WHAT WE KNOW ABOUT FOOD AND CANCER

The role of food in the prevention of cancer needs to be distinguished from its role in the treatment and possible cure of cancer.

Certain cancers may be prevented by particular eating patterns. Cancers associated with diet include large bowel cancers, lung cancer, breast cancer in women, prostatic cancer in men, and cancer of the uterine cervix in women. Little is understood about the apparent increase in incidence of pancreatic cancer, but it seems likely that nutritional factors are involved.

The general approach to reduce risk of cancer is to:

  • increase intake of plant food, especially wholegrain cereal and fruits and vegetables of various kinds, so that at least 50 per cent of energy or calorie intake comes from these foods;
  • decrease intake of fat (probably to around 20 to 25 per cent of total energy or calorie intake), especially saturated animal fat, since this is usually the major fat in the western diet;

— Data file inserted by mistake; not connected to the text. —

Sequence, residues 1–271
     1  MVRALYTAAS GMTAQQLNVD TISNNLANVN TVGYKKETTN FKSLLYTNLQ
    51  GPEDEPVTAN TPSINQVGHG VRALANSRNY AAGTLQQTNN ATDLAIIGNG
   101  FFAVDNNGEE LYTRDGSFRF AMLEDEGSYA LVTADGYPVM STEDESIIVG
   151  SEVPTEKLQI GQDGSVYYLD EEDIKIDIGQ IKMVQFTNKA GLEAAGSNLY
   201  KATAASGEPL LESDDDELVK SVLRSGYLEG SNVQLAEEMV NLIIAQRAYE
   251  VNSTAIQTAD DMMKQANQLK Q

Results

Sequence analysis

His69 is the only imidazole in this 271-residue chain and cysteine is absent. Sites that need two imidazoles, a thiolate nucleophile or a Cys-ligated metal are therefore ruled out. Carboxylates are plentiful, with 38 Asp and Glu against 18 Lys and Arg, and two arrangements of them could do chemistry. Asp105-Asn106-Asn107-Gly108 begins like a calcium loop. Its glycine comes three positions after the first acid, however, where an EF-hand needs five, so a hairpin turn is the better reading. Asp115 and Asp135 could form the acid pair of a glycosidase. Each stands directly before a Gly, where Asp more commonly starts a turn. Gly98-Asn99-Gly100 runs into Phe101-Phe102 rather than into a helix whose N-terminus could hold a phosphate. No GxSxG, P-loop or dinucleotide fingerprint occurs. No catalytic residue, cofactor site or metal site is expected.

• avoid obesity, especially by increasing levels of physical activity;
  • avoid other than occasional salted, cured or smoked foods,
  • be modest about alcohol intake, probably not more than an average of one standard drink (such as a glass of regular beer, a glass of wine, a nip of whisky, a glass of sherry) a day for women and two for men.


There is clear evidence that other lifestyle and environmental factors interact with food intake to affect the risk of cancer.

Examples include:

  • the protection of green leafy and yellow vegetables against bronchagenic (lung) cancer for a given level of cigarette smoking;
  • the increased risk of upper gastrointestinal and respiratory tract cancers where smoking and excess alcohol intake are combined;
  • the ability of increased physical activity to allow greater consumption of protective foods' such as plant foods. If you exercise more you can afford to eat more.


Be cautious about claims for cure or control of cancer with mega (large) doses of nutrients. It is rare to find that nutrients have useful pharmacological (medicinal) properties at doses higher than the amounts obtainable from food. Because of potential hazards, any therapy with high doses of nutrients must be carefully considered and then only undertaken under medical supervision.